Chapter 13 Bankruptcy
In 2013, approximately 300,000 Americans filed for Chapter 13 bankruptcy, which represents about 30% of all bankruptcies. Chapter 13 bankruptcies are a type of reorganization proceeding that encourage consumers to repay as much of their outstanding debt as possible. Repayment usually lasts three to five years and require that a person has a regular income. Provided that a person makes all scheduled payments throughout the time period specified by a court of law, any debts remaining unpaid at the end of the process will be discharged.
Advantages to Chapter 13 Bankruptcy
There are some distinct advantages to Chapter 13 bankruptcy, which include the following:
- Attorneys fees are often paid through Chapter 13 bankruptcy, which makes it less costly to file.
- Chapter 13 bankruptcy stops foreclosures.
- If a motor vehicle was purchased more than 910 days prior to bankruptcy, Chapter 13 bankruptcy allows individuals to pay off only what the car is worth at an established interest rate.
- Non-exempt assets are protected in Chapter 13 bankruptcy.
- Special protection is offered for co-signers of consumer debt in Chapter 13 bankruptcy.
- Tax debts can be paid off through Chapter 13 bankruptcy.
Applying for Chapter 13 Bankruptcy
Any person including individuals who are self-employed or operating as unincorporated businesses are eligible for Chapter 13 relief provided that the individual’s unsecured debts are less than $360,525 and secured debts are less than $1,081,500. These amounts are occasionally adjusted to reflect changes in the consumer price index. Individuals are prohibited from filing for Chapter 13 bankruptcy if during the preceding 180 days, a prior bankruptcy petition was dismissed due to the person’s willful failure to appear before the court or follow orders. Individuals also are not able to proceed through Chapter 13 proceedings if the person has within 180 days prior to filing receive any form of credit counseling from an EOUST approved credit counseling agency.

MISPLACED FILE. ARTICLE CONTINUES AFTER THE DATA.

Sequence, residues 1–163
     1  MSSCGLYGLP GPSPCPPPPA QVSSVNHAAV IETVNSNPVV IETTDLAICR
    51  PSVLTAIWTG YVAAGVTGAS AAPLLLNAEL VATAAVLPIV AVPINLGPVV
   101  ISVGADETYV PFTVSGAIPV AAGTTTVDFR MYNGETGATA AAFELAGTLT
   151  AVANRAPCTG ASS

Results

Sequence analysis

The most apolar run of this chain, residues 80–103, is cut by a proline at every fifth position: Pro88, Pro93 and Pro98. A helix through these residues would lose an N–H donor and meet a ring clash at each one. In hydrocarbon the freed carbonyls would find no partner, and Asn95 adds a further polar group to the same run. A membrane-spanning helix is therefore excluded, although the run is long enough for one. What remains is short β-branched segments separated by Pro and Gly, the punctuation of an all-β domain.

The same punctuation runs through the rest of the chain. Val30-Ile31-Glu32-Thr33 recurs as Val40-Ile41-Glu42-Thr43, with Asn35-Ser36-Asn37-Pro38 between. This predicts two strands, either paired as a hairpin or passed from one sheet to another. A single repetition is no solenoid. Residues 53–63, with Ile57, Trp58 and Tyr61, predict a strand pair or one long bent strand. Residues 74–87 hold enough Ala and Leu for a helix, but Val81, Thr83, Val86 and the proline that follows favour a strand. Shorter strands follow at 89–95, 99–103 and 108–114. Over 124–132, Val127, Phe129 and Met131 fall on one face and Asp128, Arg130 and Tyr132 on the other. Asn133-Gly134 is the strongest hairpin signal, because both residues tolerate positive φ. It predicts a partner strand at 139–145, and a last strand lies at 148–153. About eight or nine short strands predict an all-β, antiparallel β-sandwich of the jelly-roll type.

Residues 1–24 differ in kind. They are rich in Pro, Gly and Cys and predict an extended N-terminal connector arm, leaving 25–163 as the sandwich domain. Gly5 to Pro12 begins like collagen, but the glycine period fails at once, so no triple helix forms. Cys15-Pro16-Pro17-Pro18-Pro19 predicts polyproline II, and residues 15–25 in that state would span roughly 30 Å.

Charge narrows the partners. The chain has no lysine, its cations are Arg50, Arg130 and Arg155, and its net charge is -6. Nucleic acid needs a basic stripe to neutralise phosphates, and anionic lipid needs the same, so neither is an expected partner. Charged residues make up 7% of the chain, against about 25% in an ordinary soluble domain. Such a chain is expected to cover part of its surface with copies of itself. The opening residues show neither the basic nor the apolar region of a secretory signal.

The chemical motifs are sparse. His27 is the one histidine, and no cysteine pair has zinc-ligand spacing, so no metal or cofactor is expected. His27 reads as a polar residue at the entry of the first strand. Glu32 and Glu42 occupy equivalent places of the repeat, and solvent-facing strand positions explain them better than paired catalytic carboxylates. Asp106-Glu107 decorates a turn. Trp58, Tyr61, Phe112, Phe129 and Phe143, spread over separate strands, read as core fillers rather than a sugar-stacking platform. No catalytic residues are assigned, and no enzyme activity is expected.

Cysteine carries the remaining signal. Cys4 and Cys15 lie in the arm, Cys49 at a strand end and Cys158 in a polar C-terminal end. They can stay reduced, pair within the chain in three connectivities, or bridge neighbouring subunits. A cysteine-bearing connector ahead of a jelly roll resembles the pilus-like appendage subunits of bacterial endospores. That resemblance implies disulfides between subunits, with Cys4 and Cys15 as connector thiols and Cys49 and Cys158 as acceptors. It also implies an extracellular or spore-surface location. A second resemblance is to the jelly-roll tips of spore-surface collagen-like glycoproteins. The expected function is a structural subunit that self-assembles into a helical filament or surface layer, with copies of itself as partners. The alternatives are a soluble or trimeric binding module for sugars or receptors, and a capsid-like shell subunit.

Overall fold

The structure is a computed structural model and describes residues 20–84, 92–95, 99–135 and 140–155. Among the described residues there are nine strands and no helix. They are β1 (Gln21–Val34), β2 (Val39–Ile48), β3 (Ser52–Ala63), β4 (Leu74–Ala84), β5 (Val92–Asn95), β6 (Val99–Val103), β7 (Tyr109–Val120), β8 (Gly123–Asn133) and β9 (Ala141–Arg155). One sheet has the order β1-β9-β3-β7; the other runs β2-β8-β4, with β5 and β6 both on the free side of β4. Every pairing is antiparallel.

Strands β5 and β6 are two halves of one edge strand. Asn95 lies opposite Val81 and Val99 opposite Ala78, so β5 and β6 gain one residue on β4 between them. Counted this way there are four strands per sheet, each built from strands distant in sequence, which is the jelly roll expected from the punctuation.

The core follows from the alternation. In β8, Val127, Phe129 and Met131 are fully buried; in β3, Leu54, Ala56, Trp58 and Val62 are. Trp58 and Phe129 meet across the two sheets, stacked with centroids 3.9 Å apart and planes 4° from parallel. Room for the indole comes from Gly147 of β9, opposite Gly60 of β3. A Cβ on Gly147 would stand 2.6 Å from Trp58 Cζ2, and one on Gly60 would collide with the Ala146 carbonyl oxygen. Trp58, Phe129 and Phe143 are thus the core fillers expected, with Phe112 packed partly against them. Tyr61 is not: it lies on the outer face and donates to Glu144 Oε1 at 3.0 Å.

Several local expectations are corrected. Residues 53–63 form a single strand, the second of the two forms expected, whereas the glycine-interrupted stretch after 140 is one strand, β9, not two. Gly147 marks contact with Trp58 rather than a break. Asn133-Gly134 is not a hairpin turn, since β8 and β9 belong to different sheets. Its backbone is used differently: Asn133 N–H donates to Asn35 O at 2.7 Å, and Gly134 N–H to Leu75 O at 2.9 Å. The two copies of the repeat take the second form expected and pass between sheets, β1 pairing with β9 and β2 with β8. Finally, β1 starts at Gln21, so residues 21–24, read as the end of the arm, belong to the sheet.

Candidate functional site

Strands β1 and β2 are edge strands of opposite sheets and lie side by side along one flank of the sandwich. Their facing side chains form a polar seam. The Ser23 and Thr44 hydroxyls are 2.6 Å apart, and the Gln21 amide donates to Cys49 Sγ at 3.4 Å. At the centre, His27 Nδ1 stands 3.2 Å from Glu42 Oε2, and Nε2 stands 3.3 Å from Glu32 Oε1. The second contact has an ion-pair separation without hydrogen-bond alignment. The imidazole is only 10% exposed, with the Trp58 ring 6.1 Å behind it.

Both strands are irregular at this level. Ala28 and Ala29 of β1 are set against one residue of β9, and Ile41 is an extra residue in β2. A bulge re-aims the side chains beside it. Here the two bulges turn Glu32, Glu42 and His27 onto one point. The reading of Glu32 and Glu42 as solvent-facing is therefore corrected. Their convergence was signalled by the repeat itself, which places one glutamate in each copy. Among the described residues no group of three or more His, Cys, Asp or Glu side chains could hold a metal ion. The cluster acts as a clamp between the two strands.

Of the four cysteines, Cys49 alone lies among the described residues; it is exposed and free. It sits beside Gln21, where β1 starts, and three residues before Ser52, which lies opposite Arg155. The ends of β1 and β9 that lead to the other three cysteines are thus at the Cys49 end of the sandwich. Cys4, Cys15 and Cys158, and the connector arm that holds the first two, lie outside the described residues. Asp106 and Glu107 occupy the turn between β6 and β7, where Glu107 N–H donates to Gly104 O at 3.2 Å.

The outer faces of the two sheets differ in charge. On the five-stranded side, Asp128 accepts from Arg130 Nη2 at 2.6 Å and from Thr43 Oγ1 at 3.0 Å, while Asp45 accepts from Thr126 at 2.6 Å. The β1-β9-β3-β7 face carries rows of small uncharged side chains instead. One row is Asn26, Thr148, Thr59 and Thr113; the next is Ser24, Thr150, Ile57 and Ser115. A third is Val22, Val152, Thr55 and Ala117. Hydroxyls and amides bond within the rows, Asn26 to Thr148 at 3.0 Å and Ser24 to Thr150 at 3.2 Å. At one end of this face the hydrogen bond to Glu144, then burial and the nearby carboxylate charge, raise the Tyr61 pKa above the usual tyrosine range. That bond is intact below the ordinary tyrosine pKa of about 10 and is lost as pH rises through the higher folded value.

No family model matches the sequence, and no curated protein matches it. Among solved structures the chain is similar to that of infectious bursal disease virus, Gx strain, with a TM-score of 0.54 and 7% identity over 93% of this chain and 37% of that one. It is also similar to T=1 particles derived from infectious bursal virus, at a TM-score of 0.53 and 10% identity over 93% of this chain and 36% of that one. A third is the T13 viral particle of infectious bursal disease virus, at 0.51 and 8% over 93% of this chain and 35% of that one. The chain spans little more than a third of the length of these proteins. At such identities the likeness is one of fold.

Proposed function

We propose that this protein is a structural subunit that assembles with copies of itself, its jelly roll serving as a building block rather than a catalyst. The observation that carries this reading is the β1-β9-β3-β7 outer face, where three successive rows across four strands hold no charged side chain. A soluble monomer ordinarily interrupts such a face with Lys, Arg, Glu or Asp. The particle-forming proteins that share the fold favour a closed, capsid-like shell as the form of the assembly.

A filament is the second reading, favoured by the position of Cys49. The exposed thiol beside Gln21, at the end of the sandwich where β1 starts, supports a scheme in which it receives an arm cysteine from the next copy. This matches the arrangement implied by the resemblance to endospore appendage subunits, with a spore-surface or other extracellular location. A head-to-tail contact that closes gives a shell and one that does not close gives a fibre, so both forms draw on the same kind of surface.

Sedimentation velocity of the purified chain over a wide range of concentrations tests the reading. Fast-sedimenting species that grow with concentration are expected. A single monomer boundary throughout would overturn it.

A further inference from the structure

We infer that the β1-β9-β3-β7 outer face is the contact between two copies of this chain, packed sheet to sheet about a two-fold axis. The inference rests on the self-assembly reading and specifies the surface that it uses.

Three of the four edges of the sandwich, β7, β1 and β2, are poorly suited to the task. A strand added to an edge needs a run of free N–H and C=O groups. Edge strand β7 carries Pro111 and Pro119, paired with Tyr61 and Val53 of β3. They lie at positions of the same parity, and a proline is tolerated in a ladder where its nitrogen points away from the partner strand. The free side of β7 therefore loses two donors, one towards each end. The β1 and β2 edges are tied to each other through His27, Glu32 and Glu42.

How Long Chapter 13 Bankruptcy Repayment Plans Last
The length of how long a person’s repayment plan lasts depends on how much a person earns in addition to how much the person owes. In situations where a person’s average monthly over the previous six months is greater than the median income for California, the individual will likely be required to file a five year plan. If a person’s income is lower than their median income, the person might be required to propose a three year plan.
Deciding Between a Chapter 13 and Chapter 7 Bankruptcy
A Chapter 13 bankruptcy is the only choice if a person is behind on their business payments or mortgage and wants to maintain ownership of their property. Chapter 13 bankruptcy also allows individuals to make up their overdue payments and reinstate their original mortgage agreements. In other cases, if a person has valuable property that is not covered by applicable bankruptcy exemptions, Chapter 13 bankruptcy is a better option.
Contact an Experienced Chapter 13 Bankruptcy Attorney
If you are interested in following through the Chapter 13 bankruptcy process, do not hesitate to contact an experienced bankruptcy attorney at the Bankruptcy Law Center today.